NDI Airmen detect to protect

  • Published
  • By Staff Sgt. Melanie Bulow-Gonterman
  • 23rd Wing Public Affairs

Ignore the headline, and let’s play a guessing game. What job do these Airmen have?

They are trained to use ultrasound and x-ray machines. Nope, not medical. They also work with fluorescent dyes, but they’re not sheet metal technicians, either. How about magnetic particle testing, eddy current testing and spectrometric oil analysis?

That’s right. They’re chemists! Well, chemistry-friendly maintainers who perform nondestructive inspections on all manner of aeronautical and ground equipment.

An NDI Airman’s job includes hyper-detailed inspections using those tools to ensure component integrity, which keeps aircraft mission ready.

Moody is home to 48 A-10C Thunderbolt II, eight HH-60W Jolly Green II and nine HC-130J Combat King II, totaling 65 vastly different aircraft that NDI Airmen are charged with maintaining.

NDI employs six different inspection methods: x-rays, magnetic particle, florescent dye penetrant, eddy current, ultrasound and lastly, joint oil analysis.

These six methods allow for inspection on a range of parts, from the entirety of an aircraft on the flight line to individual aircraft components, such as the GAU-8 weapons system, transmission support beams and nose landing gear.

Utilizing the specialized equipment allows the Airmen to see cracks imperceptible to the naked eye -- cracks as small as one-tenth of an inch.

“NDI’s mission is to detect flaws in aircraft and aircraft parts to determine serviceability,” said Senior Airman Dylan McElroy, a 23rd Maintenance Squadron NDI journeyman. “If we miss a crack, it can keep expanding, leading to catastrophic consequences.”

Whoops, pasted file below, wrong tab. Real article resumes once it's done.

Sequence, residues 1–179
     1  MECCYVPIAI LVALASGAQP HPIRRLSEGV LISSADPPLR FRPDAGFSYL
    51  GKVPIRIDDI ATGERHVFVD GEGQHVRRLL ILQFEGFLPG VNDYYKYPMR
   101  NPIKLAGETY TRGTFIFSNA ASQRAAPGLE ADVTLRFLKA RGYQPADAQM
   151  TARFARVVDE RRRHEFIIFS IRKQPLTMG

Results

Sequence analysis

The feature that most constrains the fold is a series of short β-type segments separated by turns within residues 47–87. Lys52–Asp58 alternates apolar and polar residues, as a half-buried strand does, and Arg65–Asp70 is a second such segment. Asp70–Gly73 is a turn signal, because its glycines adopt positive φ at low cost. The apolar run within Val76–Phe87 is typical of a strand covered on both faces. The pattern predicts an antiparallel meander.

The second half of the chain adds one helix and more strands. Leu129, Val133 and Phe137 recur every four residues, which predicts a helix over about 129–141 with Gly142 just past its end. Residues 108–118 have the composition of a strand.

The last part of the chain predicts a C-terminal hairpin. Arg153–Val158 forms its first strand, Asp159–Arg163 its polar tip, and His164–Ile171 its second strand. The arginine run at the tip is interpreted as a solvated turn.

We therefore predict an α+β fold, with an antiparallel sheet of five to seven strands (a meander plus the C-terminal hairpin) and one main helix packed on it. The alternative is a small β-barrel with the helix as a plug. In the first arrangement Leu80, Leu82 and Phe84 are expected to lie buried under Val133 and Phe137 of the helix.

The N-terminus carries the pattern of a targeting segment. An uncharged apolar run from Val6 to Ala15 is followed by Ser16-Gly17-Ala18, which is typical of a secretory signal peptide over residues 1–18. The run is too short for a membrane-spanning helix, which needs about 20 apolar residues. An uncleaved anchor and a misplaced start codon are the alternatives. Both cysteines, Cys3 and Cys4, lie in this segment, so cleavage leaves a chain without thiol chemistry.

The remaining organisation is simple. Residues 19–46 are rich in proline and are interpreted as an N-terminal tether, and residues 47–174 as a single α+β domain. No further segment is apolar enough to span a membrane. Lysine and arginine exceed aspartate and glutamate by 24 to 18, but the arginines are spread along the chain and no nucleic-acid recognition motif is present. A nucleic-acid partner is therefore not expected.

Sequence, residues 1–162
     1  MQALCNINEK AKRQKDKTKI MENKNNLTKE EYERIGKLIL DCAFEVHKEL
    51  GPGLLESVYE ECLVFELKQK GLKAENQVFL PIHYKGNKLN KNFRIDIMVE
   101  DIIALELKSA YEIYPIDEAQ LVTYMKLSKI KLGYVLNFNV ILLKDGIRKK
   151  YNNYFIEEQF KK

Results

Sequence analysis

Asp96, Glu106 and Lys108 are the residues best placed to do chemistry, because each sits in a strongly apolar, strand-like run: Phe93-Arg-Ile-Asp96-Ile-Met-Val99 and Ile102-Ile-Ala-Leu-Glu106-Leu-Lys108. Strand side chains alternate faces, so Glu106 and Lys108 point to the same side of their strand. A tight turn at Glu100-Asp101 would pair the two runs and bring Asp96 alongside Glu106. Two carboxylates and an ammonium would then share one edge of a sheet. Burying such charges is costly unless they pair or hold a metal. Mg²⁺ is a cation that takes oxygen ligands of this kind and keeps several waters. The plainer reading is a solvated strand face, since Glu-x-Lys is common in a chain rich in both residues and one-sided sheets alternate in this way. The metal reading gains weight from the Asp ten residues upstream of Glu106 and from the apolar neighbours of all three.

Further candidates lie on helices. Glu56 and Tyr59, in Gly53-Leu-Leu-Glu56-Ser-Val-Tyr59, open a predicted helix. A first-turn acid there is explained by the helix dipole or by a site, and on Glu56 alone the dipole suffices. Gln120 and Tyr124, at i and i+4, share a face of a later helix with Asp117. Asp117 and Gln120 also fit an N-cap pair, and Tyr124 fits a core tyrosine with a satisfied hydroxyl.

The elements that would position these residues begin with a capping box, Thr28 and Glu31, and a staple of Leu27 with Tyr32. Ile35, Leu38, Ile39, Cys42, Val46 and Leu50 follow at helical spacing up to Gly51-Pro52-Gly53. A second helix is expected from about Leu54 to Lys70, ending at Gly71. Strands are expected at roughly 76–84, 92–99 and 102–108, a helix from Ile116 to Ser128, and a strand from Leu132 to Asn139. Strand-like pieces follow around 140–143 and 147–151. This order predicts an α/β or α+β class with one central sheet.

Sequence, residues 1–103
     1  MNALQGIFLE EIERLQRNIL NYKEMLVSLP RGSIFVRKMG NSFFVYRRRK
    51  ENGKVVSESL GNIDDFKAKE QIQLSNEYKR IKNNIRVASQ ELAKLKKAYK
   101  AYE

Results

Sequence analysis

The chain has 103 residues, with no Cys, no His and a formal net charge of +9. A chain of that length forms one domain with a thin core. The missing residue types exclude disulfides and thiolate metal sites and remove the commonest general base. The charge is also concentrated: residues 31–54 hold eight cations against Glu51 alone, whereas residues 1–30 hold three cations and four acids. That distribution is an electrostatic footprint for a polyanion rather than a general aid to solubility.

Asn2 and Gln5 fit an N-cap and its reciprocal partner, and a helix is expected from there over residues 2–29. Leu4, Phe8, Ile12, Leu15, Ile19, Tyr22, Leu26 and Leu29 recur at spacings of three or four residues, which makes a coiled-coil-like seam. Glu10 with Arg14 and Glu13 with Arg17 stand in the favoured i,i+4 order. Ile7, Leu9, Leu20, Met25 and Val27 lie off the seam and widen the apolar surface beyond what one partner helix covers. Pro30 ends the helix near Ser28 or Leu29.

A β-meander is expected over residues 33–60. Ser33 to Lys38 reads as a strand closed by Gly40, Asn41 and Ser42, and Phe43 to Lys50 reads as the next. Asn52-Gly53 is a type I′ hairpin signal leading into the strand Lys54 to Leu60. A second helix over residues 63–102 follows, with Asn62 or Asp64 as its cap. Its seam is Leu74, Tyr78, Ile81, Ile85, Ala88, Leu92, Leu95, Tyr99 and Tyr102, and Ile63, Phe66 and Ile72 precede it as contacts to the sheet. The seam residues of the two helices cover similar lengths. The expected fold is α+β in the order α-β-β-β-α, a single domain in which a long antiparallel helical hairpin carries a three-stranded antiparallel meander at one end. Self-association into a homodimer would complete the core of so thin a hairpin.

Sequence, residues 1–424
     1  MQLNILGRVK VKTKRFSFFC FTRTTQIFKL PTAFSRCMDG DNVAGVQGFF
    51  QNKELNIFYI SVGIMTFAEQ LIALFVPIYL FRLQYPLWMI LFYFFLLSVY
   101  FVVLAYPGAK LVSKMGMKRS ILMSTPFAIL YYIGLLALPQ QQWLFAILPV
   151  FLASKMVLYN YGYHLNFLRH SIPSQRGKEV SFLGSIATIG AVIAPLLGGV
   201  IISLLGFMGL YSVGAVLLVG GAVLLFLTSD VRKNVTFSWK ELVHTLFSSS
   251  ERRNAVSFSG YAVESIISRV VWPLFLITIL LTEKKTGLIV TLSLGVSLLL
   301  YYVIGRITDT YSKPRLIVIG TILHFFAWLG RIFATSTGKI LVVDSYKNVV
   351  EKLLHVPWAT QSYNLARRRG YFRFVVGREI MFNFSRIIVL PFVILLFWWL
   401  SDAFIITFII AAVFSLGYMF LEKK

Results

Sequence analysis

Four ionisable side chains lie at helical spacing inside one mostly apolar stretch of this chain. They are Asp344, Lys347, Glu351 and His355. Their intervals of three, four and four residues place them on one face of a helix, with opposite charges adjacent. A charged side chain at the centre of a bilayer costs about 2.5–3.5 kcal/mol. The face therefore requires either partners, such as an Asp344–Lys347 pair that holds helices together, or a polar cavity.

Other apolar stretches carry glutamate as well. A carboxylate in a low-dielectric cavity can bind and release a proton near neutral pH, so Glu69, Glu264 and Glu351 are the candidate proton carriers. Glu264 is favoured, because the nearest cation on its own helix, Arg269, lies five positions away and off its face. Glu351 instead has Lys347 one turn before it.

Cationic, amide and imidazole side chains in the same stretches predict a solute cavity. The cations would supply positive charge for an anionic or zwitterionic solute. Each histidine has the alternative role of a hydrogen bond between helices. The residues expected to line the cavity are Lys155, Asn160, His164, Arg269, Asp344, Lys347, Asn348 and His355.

Parts can be brought into the shop to be analyzed and repaired. If a part cannot be brought to the shop, NDI dispatches to the flight line to conduct necessary inspections.

“We directly uphold sortie generation on all home station aircraft and pilot training” said Tech. Sgt. Cody Dickerson, a 23rd MXS NDI craftsman, “directly supporting combat search and rescue and close air support capabilities stateside and downrange.”

And while they are no stranger to working on helicopters, with the arrival of the HH-60W, they have had to relearn the updated airframe, relying on Army manuals and engineering to guide them through certain inspections.

“Every aspect of my job is exciting,” said McElroy. “My favorite part is inspecting a part for the first time. The HH-60W has provided just that.”

Regardless of the airframe and difference in components, NDI Airmen attention to detail provide pilots peace of mind.

“Our skillset is vital to keeping the pilots safe,” said Dickerson. “Without us, defects in airframes, parts and structures couldn’t be verified leading to mission failure.”